Real Talk: How Worried Should I Be About Histamines in Food?

Photo: Stocksy / Nadine Greeff
When I think about histamines, I think about anti-histamines, AKA OTC allergy meds, and how itchy my face gets whenever I’m around my aunt’s cats. But histamine in food? That has never crossed my mind.

Or, at least, it didn’t until an appointment with a naturopathic doctor revealed that I had high levels of histamine in my blood—and that my healthy diet was apparently chock-full with high-histamine foods.

Confused? Yeah, so was I. But apparently there’s more to histamines than pet dander and pollen—and some of us may need to tweak our daily menu to keep from feeling itchy and puffy 24/7.

What are histamines?

Let’s back up for a sec: “Histamines are a compound naturally produced by the body—mostly by the immune system—in response to injury or allergic reaction,” explains Rebekah Blakely, RDN, dietitian for The Vitamin Shoppe. You know how pollen in the springtime makes your nose run and your eyes itch? Those symptoms are caused by histamines at work, trying to rid your body of the pollen.

Histamines can increase blood flow, heart rate, and contractions in the lungs and digestive tract, Blakely says. The result: symptoms like runny nose, watery or itchy eyes, sinus congestion, wheezing, or stomach cramps we often associate with allergies. When you pop an OTC anti-histamine, you essentially block these annoying—but potentially necessary—effects.

Histamines have other jobs in the body, too. “They communicate with the brain and support digestion, by triggering the release of stomach acids that help us break down our food,” says functional medicine practitioner Keren Day, DC, of New York City’s Eleven Eleven Wellness Center.

And they’re in food?

“Almost all foods contain some histamines,” says Blakely. “However, certain foods contain a lot more than others.” And the longer that a food is stored or aged before being consumed, it generates more histamines.

Since foods’ histamine content increases with time, aged and fermented foods tend to be some of the highest in histamines, says Blakely. Even certain fresh foods are known to contain more of these compounds, though.

Some of the foods highest in histamine (brace yourself) include:

  • Alcohol
  • Kombucha
  • Vinegar
  • Fermented dairy (buttermilk, yogurt)
  • Fermented or pickled vegetables (kimchi, sauerkraut)
  • Soy products (miso, tempeh, soy sauce)
  • Wheat
  • Canned foods
  • Processed meats
  • Aged cheese
  • Legumes
  • Tomatoes
  • Spinach

Here are the foods you should always make sure to buy organic, according to a dietitian: 

How much do the histamines in food matter?

For most healthy people, not much at all. “People with healthy immune responses can eat these foods in moderation and have no reaction at all,” says Dr. Day. That's because our bodies produce an enzyme called DAO that breaks down excess histamine from the foods we consume.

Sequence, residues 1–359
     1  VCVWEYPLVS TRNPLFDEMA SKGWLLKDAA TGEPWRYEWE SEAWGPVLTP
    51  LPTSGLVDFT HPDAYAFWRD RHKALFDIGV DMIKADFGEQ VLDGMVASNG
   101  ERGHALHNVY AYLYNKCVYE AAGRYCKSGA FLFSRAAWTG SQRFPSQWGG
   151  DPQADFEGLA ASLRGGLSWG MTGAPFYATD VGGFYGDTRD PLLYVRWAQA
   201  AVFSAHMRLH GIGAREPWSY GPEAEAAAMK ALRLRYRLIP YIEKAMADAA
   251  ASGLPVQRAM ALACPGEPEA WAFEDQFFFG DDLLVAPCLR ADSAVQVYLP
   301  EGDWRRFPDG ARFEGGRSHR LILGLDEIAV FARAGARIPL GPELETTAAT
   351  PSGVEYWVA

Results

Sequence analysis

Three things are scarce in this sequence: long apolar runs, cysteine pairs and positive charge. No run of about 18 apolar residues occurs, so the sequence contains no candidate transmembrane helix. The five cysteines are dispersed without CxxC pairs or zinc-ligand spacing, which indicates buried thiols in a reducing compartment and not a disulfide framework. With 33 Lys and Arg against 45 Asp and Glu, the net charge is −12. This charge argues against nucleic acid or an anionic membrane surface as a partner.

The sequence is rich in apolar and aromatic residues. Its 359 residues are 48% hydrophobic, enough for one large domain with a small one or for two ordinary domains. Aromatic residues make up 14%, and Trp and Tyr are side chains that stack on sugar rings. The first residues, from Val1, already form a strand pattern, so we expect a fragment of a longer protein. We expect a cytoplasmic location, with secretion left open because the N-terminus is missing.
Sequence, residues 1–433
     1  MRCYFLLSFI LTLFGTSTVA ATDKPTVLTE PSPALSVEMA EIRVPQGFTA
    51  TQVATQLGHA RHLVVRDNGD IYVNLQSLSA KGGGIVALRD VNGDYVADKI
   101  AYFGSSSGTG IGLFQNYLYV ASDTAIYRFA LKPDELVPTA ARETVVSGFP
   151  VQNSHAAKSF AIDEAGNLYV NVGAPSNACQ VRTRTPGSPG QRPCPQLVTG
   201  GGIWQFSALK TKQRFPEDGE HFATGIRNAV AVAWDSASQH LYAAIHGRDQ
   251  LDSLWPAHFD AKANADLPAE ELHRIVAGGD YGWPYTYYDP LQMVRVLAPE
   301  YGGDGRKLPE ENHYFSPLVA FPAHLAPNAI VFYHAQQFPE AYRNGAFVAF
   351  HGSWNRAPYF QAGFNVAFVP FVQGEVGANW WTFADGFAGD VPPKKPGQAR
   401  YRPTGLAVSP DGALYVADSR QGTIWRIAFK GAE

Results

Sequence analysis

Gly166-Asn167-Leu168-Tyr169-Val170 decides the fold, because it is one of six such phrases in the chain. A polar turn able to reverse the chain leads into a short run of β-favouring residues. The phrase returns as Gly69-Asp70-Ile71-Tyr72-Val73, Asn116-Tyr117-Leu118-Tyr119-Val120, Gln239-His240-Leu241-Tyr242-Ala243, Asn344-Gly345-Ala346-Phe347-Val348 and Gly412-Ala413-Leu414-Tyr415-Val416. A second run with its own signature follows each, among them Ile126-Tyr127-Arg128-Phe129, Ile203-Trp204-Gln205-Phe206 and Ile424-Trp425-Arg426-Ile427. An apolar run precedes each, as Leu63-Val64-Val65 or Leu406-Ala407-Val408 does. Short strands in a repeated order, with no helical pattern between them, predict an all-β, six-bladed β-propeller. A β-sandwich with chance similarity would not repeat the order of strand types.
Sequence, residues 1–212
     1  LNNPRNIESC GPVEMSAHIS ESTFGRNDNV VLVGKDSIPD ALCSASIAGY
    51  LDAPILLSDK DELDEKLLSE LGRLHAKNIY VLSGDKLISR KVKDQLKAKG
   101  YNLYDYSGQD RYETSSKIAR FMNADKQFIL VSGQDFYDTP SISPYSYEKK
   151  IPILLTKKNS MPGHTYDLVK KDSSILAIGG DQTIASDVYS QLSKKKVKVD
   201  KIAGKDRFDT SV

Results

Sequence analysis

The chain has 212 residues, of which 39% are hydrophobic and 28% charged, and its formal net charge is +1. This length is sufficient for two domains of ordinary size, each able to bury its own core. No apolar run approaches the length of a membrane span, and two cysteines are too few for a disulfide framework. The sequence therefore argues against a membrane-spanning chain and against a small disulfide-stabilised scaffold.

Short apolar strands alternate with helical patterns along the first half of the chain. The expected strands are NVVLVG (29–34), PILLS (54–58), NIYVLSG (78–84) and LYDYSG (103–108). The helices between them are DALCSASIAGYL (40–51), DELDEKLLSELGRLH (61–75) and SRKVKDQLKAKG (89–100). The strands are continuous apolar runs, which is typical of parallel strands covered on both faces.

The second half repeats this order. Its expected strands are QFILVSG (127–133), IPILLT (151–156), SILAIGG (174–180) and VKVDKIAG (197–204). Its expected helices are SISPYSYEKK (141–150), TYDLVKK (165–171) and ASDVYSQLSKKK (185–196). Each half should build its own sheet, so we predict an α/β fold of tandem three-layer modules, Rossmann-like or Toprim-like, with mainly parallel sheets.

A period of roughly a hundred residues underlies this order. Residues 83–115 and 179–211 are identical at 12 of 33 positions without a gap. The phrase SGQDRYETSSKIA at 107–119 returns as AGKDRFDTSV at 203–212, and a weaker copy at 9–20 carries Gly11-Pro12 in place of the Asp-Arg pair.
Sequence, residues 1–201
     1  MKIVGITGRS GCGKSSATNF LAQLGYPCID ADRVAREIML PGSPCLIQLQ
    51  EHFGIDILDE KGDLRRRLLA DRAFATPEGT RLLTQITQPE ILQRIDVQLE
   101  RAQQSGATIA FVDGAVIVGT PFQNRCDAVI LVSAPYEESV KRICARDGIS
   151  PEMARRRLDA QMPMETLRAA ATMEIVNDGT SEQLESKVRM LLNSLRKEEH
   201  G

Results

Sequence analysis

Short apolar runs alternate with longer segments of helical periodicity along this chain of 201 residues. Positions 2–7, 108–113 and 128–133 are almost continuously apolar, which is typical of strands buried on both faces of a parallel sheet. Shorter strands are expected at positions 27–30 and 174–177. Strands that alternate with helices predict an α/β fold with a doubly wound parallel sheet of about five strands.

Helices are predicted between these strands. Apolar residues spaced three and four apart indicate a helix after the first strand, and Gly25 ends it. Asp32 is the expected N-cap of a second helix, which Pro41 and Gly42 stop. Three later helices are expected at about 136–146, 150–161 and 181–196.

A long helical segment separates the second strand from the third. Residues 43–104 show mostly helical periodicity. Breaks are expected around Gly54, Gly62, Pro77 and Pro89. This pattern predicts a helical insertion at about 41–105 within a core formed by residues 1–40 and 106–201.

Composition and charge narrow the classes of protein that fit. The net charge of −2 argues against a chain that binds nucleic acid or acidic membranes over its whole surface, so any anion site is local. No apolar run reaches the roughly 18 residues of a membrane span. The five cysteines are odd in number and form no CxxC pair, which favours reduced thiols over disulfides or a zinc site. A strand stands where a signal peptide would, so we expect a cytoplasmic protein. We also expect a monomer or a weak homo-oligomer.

However, there are a few small groups of people who can potentially experience a histamine intolerance, where they either have too much histamine in their systems or can't break it down properly:

1. People with compromised gut health: Since poor gut function can impact DAO production and impede histamine breakdown, people with celiac, IBS, Crohn’s, colitis, or other digestive issues may react to the histamines in foods, says Blakely.

2. People with a DAO deficiency: Whether because of genetics or certain medications (like metformin, NSAIDs, certain antibiotics, and more), other people may also have impaired DAO production and, as a result, excess histamine in their system, Blakely says.

3. Those with certain nutrient deficiencies: Finally, people deficient in vitamin B6, vitamin C, zinc, or copper may also react to the histamines in foods, says Blakely, since each of these nutrients plays a role in histamine breakdown.

In these small groups of people, eating foods high in histamine can make them experience allergy-like reactions—think sneezing, congestion, itchiness, the whole nine yards.

How to address histamine issues

Again, having issues with histamine in food is pretty rare; reportedly only 1 percent of the population has a histamine intolerance. If any of the above describes you and you're concerned, be sure to talk with your health practitioner. They may check your body's DAO levels or perform a skin prick test to evaluate your histamine tolerance, says Blakely.

Generally, a person with histamine intolerance will be told to try a temporary low-histamine diet. “A low-histamine diet can help rebuild the immune system and gut health, so that the body can better handle histamines in the future,” Dr. Day says. For four weeks, Blakely says a person will have to eliminate all high-histamine foods (so, all the things listed above), as well as avoiding foods that can inhibit the DAO enzyme, like cocoa, tea, and coffee.

After four weeks, a person would slowly reintroduce high-histamine foods one at a time, Blakely says. They'll eat one high-histamine food a few times in one day and monitor their symptoms for three days before testing another food.

If that sounds restrictive, well, that's because it is. Cutting out such a vast amount of foods can lead to nutrient deficiencies, especially since histamine is present in so many healthy foods, like legumes, produce, and fermented foods. It's definitely not safe to just casually try eating exclusively low-histamine foods just because—not only is there no reason to for healthy adults, it's pretty unsafe.

The bottom line: consider histamine in food another wellness myth, much like lectins and other "anti-nutrients." For the majority of us, they're fake news. (Which is good, because what kind of a life is it where you can't even drink kombucha?)

Don't stress about histamines—instead, follow these simple golden rules for healthy eating and you can't go wrong. And you're not alone in feeling confused AF about food.  

Loading More Posts...